Skip to comments.Astronomy Picture of the Day -- Ringside with Rhea
Posted on 03/28/2013 9:19:03 PM PDT by SunkenCiv
Explanation: Orbiting in the plane of Saturn's rings, Saturnian moons have a perpetual ringside view of the gas giant planet. Of course, while passing near the ring plane the Cassini spacecraft also shares their stunning perspective. The thin rings themselves slice across the middle of this Cassini snapshot from April 2011. The scene looks toward the dark night side of Saturn, in the frame at the left, and the still sunlit side of the rings from just above the ringplane. Centered, over 1,500 kilometers across, Rhea is Saturn's second largest moon and is closest to the spacecraft, around 2.2 million kilometers away. To Rhea's right, shiny, 500 kilometer diameter Enceladus is about 3 million kilometers distant. Dione, 1,100 miles wide, is 3.1 million miles from Cassini's camera on the left, partly blocked by Saturn's night side.
(Excerpt) Read more at 188.8.131.52 ...
PASADENA, Calif., March 27 (UPI) — NASA says observation of Saturn’s rings and moon suggests they are gently worn “vintage” goods from around the time of our solar system’s birth.
A new analysis of data from the orbiting Cassini spacecraft suggests that although the rings and the surfaces of the moons are colored by more recent “pollution” from dust and cosmic impacts, these bodies date back more than 4 billion years.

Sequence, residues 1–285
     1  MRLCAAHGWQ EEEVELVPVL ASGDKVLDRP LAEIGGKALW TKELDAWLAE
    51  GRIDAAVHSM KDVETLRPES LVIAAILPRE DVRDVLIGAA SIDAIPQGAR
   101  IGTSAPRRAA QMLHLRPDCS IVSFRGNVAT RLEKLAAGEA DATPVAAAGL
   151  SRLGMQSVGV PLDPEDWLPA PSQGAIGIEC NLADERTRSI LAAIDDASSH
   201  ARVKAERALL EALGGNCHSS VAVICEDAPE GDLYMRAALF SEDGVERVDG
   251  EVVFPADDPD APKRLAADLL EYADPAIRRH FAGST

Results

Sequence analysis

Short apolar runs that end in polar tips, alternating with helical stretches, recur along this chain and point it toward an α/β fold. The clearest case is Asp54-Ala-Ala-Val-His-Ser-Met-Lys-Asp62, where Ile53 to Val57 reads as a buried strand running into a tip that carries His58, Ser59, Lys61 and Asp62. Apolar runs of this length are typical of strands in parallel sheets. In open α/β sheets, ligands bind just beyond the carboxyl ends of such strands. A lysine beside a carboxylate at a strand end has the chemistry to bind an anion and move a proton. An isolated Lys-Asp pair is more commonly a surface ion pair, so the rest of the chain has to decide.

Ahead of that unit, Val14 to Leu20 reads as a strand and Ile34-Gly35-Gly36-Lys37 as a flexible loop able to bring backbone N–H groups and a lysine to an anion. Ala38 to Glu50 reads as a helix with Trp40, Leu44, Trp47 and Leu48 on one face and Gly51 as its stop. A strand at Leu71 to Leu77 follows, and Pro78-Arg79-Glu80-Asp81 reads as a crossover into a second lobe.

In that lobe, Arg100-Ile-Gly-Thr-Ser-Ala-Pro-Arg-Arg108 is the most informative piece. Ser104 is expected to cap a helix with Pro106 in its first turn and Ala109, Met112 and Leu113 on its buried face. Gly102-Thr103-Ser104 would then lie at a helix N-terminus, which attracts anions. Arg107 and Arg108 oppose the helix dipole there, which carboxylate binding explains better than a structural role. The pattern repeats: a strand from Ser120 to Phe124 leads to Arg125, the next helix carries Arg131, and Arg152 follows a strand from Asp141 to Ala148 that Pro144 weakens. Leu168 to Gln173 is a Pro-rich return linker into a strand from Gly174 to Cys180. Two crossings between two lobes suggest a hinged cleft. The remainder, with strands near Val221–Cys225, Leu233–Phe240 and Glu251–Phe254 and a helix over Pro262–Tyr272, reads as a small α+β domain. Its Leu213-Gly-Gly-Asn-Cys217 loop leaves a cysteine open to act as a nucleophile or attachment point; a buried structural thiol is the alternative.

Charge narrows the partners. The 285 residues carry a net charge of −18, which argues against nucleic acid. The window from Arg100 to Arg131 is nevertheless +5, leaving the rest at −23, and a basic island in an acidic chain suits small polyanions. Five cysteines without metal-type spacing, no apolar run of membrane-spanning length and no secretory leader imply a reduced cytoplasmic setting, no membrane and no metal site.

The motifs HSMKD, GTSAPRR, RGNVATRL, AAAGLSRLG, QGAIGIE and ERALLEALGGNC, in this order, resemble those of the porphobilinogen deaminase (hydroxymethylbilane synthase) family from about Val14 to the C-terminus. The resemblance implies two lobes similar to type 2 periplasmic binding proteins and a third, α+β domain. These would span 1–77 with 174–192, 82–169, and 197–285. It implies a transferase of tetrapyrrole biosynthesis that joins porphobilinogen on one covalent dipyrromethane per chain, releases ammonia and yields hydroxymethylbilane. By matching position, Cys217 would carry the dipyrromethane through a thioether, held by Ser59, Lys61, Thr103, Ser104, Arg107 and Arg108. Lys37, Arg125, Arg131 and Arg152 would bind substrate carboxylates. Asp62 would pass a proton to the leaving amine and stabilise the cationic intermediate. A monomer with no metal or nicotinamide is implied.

The coloring is generally only skin-deep, and a closer examination of the rings and moons shows their true origin was around the time the planetary bodies in our solar system began to form out of the protoplanetary nebula, the cloud of material still orbiting the sun after its ignition as a star, NASA’s Jet Propulsion Laboratory in Pasadena, Calif., reported Tuesday.
“Studying the Saturnian system helps us understand the chemical and physical evolution of our entire solar system,” Gianrico Filacchione, a Cassini participating scientist at Italy’s National Institute for Astrophysics said, “We know now that understanding this evolution requires not just studying a single moon or ring, but piecing together the relationships intertwining these bodies.”
That is a magnificent picture.
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